Arduino on FreeBSD

tags: bsd · programming · tutorials

This article demonstrates how to develop for Arduino boards using only basic command line utilities, without having to use the Arduino IDE. The article has also been published on the FreeBSD Wiki.

Tested on FreeBSD 12.2 and above.


Required ports:


With all the software installed, add the following line to /boot/loader.conf in case you want the Arduino kernel module to load automatically on boot. If you want to manually load the module whenever you need it, skip this step:


Load the kernel module:

# kldload uarduno

Check your ~/.arduino/preferences.txt and see if the following lines exist (source):


Add your user to the dialer group:

# pw group mod dialer -m $USER

Connecting the board

Standard Arduino boards connect as /dev/cuaU0 and/or /dev/ttyU0 on FreeBSD. In case these serial ports don’t show up in /dev, you might need to press your board’s reset button. After you’ve plugged your board into a USB port, you should get the following output from dmesg. Although the output may vary, the important thing is that your board is connected and detected.

ugen1.5: <Arduino ( product 0x0043> at usbus1
uarduno0: <Arduino ( product 0x0043, class 2/0, rev 1.10/0.01, addr 5> on usbus1

If dmesg returned information about your board, you should also see cuaU0 and/or ttyU0 in /dev. In case your board is still not detected — considering it’s not a fake one, try using a different USB cable or reset it again and make sure you’ve followed the setup steps correctly.

The Makefile

The only thing you’re going to need in order to get started is just a Makefile that’ll be used to compile and upload your Arduino programs. Make a new directory for your Arduino project and a Makefile with the following lines:

ARDUINO_DIR= 	/usr/local/arduino
ARDUINO_MK_DIR= /usr/local/arduino-bsd-mk
AVRDUDE_PORT=	your_board_port
ARDUINO_BOARD= 	your_board_name
SRCS=		your_source_files
TARGET=		your_program_name

include /usr/local/arduino-bsd-mk/

In my case my board is an Arduino Uno, so I’d have to set ARDUINO_BOARD to uno. You can see which other board types are available in /usr/local/arduino/hardware/arduino/avr/boards.txt. If you want to install new libraries, copy them over to /usr/local/arduino/hardware/arduino/avr/libraries/.

Avoid having source files named main.

Building and uploading a program

Write some Arduino code, and when you’re ready to compile and upload, run the following command:

# make install flash clean cleandepend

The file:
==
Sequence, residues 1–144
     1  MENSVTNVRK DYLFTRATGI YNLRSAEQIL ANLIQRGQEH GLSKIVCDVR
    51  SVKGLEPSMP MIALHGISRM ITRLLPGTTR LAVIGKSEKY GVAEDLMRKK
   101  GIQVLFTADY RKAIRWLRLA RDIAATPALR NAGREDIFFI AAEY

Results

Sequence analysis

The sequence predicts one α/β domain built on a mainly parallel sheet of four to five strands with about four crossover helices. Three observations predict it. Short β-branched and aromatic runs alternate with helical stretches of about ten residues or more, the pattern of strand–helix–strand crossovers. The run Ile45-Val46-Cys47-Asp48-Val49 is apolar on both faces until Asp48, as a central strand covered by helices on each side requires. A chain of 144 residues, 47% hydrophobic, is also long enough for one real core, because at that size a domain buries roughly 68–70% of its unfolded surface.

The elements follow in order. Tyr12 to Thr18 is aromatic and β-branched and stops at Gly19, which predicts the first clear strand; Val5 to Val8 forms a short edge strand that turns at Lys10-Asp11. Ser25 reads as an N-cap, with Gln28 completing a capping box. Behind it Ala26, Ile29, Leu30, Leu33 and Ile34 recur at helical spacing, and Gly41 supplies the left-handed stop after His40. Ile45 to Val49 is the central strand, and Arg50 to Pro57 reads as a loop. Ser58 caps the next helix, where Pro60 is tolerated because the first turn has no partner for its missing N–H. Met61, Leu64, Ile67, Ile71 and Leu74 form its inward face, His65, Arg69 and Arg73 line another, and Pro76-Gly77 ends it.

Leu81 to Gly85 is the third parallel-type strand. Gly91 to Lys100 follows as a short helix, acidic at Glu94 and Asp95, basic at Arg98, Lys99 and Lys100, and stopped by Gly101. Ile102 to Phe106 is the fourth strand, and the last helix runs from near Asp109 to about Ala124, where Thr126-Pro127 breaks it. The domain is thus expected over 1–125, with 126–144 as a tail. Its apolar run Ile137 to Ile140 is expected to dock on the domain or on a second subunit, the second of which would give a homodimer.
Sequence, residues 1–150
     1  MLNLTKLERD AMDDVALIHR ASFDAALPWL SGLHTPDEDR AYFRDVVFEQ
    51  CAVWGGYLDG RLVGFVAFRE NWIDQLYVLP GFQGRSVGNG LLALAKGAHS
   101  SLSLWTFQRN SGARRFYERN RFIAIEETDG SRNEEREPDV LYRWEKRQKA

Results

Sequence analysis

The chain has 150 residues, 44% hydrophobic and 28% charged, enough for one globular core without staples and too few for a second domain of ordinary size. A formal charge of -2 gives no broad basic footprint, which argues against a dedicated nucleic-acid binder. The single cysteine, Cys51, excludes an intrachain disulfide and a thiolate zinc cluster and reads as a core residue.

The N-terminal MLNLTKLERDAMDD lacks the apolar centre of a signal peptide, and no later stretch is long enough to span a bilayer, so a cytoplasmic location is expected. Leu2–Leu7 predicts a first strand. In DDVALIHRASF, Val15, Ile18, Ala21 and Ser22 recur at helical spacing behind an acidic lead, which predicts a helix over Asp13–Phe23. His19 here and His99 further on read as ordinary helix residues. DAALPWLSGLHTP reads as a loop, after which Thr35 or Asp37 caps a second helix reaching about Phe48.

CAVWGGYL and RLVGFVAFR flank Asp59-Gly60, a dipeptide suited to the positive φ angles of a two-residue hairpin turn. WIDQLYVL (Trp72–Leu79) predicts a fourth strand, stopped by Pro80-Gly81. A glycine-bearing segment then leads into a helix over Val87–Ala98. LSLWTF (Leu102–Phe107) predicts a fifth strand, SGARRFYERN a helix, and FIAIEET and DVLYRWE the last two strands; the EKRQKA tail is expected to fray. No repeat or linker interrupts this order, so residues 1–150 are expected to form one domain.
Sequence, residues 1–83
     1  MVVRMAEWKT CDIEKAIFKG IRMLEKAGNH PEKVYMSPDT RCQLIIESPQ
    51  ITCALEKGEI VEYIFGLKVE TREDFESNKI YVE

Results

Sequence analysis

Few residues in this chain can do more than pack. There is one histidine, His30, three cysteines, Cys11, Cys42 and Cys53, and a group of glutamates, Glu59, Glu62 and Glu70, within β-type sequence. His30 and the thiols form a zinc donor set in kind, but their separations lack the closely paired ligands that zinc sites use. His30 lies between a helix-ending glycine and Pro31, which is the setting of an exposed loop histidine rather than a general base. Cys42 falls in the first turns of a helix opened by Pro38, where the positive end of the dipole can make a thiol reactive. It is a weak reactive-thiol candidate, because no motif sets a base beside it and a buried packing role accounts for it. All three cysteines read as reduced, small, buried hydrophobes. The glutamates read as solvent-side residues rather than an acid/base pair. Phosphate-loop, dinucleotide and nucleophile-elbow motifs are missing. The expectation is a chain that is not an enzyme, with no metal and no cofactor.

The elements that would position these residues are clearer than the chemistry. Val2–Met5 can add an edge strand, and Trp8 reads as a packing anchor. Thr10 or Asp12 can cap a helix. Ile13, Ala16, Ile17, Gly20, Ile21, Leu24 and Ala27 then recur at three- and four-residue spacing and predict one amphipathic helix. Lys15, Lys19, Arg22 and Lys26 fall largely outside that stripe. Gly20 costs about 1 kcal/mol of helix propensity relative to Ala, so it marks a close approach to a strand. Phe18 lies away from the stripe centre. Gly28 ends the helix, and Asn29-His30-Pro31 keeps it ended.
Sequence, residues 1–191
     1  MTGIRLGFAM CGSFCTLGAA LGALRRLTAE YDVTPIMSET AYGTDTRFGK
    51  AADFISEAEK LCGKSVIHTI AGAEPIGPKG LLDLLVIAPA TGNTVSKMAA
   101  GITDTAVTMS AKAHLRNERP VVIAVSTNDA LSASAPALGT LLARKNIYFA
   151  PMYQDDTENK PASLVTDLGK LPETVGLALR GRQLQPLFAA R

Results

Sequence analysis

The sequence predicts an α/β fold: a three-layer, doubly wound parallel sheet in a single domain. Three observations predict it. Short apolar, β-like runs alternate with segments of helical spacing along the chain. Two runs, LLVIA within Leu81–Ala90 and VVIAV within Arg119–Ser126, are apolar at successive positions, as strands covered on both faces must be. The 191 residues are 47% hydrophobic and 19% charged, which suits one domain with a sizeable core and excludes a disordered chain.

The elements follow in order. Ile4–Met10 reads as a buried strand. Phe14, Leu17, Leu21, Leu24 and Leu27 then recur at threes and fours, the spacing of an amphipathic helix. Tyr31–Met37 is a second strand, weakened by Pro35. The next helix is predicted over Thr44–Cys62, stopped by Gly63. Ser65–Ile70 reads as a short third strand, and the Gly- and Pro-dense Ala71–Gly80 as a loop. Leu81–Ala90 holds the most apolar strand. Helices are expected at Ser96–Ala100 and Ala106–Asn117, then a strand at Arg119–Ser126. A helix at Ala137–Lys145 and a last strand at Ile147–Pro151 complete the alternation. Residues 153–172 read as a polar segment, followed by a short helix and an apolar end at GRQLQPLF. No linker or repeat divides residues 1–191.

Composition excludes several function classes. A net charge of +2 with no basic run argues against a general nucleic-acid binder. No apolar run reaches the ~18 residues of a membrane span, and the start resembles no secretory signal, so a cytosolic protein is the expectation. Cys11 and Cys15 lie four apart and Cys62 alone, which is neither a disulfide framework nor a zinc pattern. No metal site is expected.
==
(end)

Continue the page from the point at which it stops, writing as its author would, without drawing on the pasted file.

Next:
If all went well you should see the board executing the new code. If it doesn’t, try to see what errors the Makefile produced.


The Arduino IDE provides a serial monitor feature, but FreeBSD has a builtin monitoring utility which can be accessed directly from the terminal. Run this whenever you want to monitor your board and exit with ~! (use the appropriate port):

$ cu -l /dev/cuaU0

Using board types other than the Uno

As it’s mentioned above, we’re using the uarduno kernel module. Even though the module’s description is “FreeBSD Kernel Driver for the Arduino Uno USB interface”, you can, in fact, use different board types other than the Uno. According to uarduno’s website, you can modify /usr/ports/comms/uarduno/files/ids.txt to include more board types; the two fields are Vendor ID and Product ID. Read the comments inside the file for more information.

{ 0x2341, 0x0001 },  // Arduino UNO, vendor 2341H, product 0001H
{ 0x2341, 0x0042 },  // Arduino MEGA (rev 3), vendor 2341H, product 0042H
{ 0x2341, 0x0043 },  // Arduino UNO (rev 3), vendor 2341H, product 0043H
{ 0x2341, 0x0010 },  // Arduino MEGA 2560 R3, vendor 2341H, product 0010H 
{ 0x2341, 0x8037 },  // Arduino Micro

When you’re done, clean and re-build the port.

Known issues and their fixes

Even though you might have plugged your board to your machine, you might notice that there is no device appearing in /dev. Although there is no definite answer as to why this is happening, make sure that the USB cable is connected properly; on some boards, you have to hear a click sound.

When trying to use a new library, you might notice that your code doesn’t compile. A common issue is that you haven’t stored the library in the correct path. As mentioned, libraries are stored in /usr/local/arduino/hardware/arduino/avr/libraries/, so you have to move it there.